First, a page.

Sequence analysis also can be useful for determining the presence or absence of a NOD2 variant or other genetic marker in a method of the invention. A NOD2 variant can be detected by sequence analysis using primers disclosed herein, for example, the PCR primers listed in Table 1 (SEQ ID NOS: 11-16). As understood by one skilled in the art, additional primers for sequence analysis can be designed based on the sequence flanking the NOD2 region of interest. As a non-limiting example, a sequence primer can contain about 15 to 30 nucleotides of a sequence about 40 to 400 base pairs upstream or downstream of the region of interest. Such sequencing primers are generally designed to have sufficient guanine and cytosine content to attain a high melting temperature which allows for a stable annealing step in the sequencing reaction.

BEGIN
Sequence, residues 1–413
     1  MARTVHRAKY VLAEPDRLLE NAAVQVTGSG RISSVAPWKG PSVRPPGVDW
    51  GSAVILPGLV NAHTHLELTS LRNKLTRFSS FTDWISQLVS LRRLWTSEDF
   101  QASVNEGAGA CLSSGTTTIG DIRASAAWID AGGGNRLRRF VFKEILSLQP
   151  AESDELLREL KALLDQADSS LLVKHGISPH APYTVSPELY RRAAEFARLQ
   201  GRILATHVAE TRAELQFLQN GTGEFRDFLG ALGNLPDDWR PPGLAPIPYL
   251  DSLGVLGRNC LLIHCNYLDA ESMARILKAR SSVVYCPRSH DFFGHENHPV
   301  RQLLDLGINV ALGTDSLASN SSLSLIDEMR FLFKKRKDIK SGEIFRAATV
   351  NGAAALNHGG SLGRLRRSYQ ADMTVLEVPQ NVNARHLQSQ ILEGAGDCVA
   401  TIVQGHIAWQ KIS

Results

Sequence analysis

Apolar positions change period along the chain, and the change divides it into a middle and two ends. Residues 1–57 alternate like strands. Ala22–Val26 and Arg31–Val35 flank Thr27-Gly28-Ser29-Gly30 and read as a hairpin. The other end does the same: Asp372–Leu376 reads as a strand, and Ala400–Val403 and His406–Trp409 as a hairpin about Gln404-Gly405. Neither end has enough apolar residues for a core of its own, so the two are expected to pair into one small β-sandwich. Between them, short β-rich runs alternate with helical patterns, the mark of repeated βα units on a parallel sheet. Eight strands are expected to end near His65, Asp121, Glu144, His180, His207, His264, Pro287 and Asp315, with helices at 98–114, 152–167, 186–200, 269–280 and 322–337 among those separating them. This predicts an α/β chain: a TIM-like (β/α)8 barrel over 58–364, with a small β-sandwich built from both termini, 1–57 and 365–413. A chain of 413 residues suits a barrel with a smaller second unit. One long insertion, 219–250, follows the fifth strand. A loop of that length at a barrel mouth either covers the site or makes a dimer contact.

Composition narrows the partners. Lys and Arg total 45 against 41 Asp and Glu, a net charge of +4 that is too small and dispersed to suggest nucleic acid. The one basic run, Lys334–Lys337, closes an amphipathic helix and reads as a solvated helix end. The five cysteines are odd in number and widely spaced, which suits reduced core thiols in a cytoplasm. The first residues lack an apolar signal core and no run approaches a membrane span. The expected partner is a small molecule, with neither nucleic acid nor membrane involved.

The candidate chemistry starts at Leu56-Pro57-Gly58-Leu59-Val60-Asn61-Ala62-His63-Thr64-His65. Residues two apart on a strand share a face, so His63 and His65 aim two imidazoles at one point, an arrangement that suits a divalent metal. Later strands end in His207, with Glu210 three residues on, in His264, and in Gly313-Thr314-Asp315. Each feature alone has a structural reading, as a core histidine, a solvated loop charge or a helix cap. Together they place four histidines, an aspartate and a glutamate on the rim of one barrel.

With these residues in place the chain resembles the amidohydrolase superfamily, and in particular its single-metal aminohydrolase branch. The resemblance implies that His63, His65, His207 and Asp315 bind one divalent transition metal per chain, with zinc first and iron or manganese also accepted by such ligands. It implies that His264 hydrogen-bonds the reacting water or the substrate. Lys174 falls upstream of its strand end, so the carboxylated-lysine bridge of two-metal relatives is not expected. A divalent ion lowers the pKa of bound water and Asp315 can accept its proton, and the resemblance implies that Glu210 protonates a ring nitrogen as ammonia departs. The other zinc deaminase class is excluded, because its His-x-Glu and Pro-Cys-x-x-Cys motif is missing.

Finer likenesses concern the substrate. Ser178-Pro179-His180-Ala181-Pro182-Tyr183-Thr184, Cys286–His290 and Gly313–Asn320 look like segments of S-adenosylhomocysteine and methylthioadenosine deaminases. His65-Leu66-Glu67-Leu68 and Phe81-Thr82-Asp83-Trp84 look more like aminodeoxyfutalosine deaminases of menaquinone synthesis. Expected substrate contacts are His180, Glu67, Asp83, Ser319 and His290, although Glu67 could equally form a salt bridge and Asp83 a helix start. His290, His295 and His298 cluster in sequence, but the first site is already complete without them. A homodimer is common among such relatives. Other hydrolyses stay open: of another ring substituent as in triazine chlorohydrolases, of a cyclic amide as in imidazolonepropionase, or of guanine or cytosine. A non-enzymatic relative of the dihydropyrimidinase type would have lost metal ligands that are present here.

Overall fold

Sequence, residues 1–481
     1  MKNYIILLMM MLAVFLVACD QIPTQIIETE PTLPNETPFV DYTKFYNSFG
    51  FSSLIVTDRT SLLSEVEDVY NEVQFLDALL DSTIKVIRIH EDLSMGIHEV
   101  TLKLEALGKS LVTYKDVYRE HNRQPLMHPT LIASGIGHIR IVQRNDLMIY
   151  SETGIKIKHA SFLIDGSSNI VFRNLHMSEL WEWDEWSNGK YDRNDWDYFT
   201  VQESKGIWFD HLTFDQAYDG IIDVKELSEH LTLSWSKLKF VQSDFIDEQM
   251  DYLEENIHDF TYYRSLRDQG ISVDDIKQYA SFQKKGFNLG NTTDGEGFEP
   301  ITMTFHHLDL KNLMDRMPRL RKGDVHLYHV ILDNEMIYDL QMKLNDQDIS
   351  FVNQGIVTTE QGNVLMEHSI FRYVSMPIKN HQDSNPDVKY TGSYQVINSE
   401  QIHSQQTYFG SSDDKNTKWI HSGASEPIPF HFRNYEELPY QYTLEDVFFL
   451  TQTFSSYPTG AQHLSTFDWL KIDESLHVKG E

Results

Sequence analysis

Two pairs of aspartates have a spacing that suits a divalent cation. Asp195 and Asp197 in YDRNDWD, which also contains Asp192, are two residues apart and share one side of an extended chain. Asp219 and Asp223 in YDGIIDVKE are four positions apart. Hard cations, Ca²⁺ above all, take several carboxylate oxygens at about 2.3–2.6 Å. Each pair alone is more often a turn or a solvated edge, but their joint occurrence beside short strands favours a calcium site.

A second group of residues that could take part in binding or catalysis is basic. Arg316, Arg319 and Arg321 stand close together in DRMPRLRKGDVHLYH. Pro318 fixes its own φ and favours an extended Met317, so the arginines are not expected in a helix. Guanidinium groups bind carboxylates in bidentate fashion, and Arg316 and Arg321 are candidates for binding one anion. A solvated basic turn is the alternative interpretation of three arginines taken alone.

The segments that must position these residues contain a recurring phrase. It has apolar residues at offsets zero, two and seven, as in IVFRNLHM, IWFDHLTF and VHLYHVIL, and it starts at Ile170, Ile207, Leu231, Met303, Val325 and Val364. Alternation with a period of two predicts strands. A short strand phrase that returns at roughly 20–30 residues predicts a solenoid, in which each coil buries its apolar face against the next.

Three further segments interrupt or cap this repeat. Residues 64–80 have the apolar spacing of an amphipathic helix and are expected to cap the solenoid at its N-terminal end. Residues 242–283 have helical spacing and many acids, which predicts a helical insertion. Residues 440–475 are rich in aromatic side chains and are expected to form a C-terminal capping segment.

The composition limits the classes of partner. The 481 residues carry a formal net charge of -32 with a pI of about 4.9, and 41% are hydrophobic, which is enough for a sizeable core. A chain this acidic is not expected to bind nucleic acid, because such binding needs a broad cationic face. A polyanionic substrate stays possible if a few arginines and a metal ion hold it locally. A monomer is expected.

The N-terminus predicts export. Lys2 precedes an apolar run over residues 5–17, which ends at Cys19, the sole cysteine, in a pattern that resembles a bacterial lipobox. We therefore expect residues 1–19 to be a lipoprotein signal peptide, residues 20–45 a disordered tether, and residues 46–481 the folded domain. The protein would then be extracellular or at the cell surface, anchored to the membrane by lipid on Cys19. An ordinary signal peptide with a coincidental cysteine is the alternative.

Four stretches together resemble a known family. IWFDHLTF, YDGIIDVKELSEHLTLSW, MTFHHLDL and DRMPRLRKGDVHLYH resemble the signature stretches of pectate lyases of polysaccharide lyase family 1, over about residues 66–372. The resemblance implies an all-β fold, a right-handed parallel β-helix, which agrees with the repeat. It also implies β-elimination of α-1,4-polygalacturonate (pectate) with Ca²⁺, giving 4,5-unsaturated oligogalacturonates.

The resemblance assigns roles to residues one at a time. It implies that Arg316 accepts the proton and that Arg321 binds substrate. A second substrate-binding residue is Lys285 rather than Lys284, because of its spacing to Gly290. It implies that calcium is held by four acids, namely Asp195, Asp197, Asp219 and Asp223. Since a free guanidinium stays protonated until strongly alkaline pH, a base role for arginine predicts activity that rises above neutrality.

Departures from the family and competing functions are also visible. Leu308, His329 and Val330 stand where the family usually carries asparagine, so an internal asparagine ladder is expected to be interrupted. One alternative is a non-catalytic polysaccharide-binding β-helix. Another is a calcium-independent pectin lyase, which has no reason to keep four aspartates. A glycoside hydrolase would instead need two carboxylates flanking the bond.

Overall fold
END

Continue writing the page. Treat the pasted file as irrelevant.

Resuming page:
Sequence analysis refers to any manual or automated process by which the order of nucleotides in the nucleic acid is determined. As an example, sequence analysis can be used to determine the nucleotide sequence of a sample of DNA. The term sequence analysis encompasses, without limitation, chemical and enzymatic methods such as dideoxy enzymatic methods including, for example, Maxam-Gilbert and Sanger sequencing as well as variations thereof. The term sequence analysis further encompasses, but is not limited to, capillary array DNA sequencing, which relies on capillary electrophoresis and laser-induced fluorescence detection and can be performed using instruments such as the MegaBACE 1000 or ABI 3700. As additional non-limiting examples, the term sequence analysis encompasses thermal cycle sequencing (Sears et al., Biotechniques 13:626-633 (1992)); solid-phase sequencing (Zimmerman et al., Methods Mol. Cell Biol. 3:39-42 (1992); and sequencing with mass spectrometry such as matrix-assisted laser desorption/ionization time-of-flight mass spectrometry MALDI-TOF MS (Fu et al., Nature Biotech. 16: 381-384 (1998)). The term sequence analysis also includes, yet is not limited to, sequencing by hybridization (SBH), which relies on an array of all possible short oligonucleotides to identify a segment of sequences present in an unknown DNA (Chee et al., Science 274:610-614 (1996); Drmanac et al., Science 260:1649-1652 (1993); and Drmanac et al., Nature Biotech. 16:54-58 (1998)). One skilled in the art understands that these and additional variations are encompassed by the term sequence analysis as defined herein. See, in general, Ausubel et al., supra, Chapter 7 and supplement 47.